Motion with Constant Acceleration • Solution (cont.): The position-time equation can now be used to find the final position of the boat. To find the final position, substitute the given values for the initial velocity (vi = 1.5 m/s), final velocity (vf = 13.5 m/s, and time (t = 5.00 s). Assuming for convenience that the boat's initial position to be xi = 0, the final position is

Motion with Constant Acceleration • The area beneath the velocity-time curve for the motion of a boat may be separated into two parts: a rectangle and a triangle.

Motion with Constant Acceleration • The area of the rectangle is the base times the height. The base is 5.00 s and the height is 1.5 m/s; thus the area is 7.5 m. • The area of the rectangle is one-half the base times the height, or 5.00 s times 12.0 m/s; thus the area is 30.0 m. • The total area is therefore 37.5 m. • Since this is in agreement with the result found using the position-time equation of an accelerating object, it can be said that the distance traveled by an object is equal to the area under the velocity-time curve. © 2014 Pearson Education, Inc.

Motion with Constant Acceleration • Combing the position-time equation and the velocity-time equation yields an expression that relates position to acceleration and time:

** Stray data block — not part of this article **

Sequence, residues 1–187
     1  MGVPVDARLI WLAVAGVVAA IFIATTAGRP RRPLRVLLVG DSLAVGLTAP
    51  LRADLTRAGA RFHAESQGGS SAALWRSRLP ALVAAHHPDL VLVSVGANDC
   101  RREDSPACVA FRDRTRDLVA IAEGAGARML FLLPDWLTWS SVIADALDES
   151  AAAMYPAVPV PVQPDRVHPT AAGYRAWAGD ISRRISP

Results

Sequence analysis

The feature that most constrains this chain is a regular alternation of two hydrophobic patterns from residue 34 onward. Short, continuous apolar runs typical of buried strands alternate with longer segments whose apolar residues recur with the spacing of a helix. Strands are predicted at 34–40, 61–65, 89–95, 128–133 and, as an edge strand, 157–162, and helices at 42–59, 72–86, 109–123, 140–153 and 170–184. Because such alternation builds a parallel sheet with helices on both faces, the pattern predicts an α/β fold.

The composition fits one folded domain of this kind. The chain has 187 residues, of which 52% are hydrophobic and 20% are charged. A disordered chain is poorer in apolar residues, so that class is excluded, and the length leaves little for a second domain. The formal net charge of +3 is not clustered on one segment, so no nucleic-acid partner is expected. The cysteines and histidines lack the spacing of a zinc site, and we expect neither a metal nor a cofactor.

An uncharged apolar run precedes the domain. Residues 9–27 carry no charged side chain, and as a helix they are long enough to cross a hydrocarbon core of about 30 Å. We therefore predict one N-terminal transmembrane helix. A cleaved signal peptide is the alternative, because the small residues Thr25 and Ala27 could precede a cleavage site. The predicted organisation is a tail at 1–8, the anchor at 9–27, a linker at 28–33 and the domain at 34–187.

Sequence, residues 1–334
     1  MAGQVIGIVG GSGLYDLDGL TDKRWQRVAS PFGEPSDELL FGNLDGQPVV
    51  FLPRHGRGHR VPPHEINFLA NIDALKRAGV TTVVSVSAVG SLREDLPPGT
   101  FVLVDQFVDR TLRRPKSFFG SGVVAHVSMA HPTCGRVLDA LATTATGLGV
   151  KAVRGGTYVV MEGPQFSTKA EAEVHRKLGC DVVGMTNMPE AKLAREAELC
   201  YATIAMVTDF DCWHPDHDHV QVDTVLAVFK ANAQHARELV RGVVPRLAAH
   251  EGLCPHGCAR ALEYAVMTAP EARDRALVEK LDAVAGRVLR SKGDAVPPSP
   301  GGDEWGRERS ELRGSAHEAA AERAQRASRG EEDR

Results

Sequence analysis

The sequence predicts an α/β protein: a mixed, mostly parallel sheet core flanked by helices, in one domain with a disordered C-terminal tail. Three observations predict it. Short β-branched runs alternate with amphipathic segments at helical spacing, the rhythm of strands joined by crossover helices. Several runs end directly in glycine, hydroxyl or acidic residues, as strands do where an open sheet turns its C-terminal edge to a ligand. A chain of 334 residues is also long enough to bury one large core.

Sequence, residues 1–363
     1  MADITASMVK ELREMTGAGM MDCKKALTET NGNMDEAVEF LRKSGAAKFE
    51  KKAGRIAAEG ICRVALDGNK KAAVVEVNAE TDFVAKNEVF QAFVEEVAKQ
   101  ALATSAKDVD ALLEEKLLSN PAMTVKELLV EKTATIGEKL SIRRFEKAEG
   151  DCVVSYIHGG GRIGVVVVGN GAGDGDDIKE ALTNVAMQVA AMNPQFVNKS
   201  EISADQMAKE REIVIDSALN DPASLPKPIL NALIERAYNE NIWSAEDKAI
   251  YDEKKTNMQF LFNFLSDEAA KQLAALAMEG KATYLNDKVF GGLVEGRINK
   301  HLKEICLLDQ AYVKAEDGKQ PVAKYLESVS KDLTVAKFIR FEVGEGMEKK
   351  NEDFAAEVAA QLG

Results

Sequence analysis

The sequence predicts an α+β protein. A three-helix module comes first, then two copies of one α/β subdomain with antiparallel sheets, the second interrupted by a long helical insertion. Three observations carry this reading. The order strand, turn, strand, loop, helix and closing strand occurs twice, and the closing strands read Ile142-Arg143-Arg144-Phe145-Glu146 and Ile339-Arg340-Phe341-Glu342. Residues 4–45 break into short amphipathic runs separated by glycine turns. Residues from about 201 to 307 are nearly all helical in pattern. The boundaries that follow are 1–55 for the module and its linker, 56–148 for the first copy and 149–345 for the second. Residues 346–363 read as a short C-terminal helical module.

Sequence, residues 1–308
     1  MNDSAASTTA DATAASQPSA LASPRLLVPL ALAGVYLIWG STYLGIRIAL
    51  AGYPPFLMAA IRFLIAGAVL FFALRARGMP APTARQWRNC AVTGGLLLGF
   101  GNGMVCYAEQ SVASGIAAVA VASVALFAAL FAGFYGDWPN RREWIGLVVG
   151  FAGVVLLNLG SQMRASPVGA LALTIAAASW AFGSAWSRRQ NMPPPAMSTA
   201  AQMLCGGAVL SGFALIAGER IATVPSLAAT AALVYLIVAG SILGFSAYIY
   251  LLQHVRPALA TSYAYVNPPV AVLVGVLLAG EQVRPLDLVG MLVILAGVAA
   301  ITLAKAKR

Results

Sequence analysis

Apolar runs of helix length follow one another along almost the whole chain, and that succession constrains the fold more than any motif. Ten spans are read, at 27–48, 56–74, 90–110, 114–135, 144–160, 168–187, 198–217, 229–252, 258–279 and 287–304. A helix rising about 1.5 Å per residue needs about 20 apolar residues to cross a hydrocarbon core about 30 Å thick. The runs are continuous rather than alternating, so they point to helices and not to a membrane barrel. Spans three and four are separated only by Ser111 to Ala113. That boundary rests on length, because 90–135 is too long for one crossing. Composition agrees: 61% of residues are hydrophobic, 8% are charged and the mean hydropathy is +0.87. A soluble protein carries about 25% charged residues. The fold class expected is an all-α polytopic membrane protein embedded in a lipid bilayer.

• Acceleration results in a change in velocity with position. The following equation relates initial and final velocities, change in position, and acceleration:

Motion with Constant Acceleration • In all, there are five constant acceleration equations of motion.

Position-Time Graphs for Constant Acceleration • The shape of a positiontime graph contains information about motion whether the motion has constant velocity or constant acceleration. • While a table is useful in conveying information regarding motion, a graph offers a better way to visualize the motion.

Position-Time Graphs for Constant Acceleration • Constant acceleration produces a parabolic position-time graph. • The sign of the acceleration determines whether the parabola has an upward or downward curvature.

Position-Time Graphs for Constant Acceleration • The magnitude of the acceleration is related to how sharply a position-time graph curves. In general, the greater the curvature of the parabola, the greater the magnitude of the acceleration.

Position-Time Graphs for Constant Acceleration • Each term in the equation has graphical meaning. – The vertical intercept is equal to the initial position xi. – The initial slope is equal to the initial velocity. – The sharpness of the curvature indicates the magnitude of the acceleration.

Position-Time Graphs for Constant Acceleration • Thus, considerable information can be obtained from a position-time graph.

Position-Time Graphs for Constant Acceleration • A single parabola in a position-time graph can show both deceleration and acceleration. A constant curvature indicates a constant acceleration. A ball thrown upward is an example of motion with constant acceleration. © 2014 Pearson Education, Inc.

Free Fall • Free fall refers to motion determined solely by gravity, free from all other influences. • Galileo concluded that if the effects of air resistance can be neglected, then all objects have the same constant downward acceleration.

Free Fall • The motion of many falling objects approximate free fall. A wadded-up sheet of paper approximates free-fall motion since the effects of air resistance are small enough to ignore.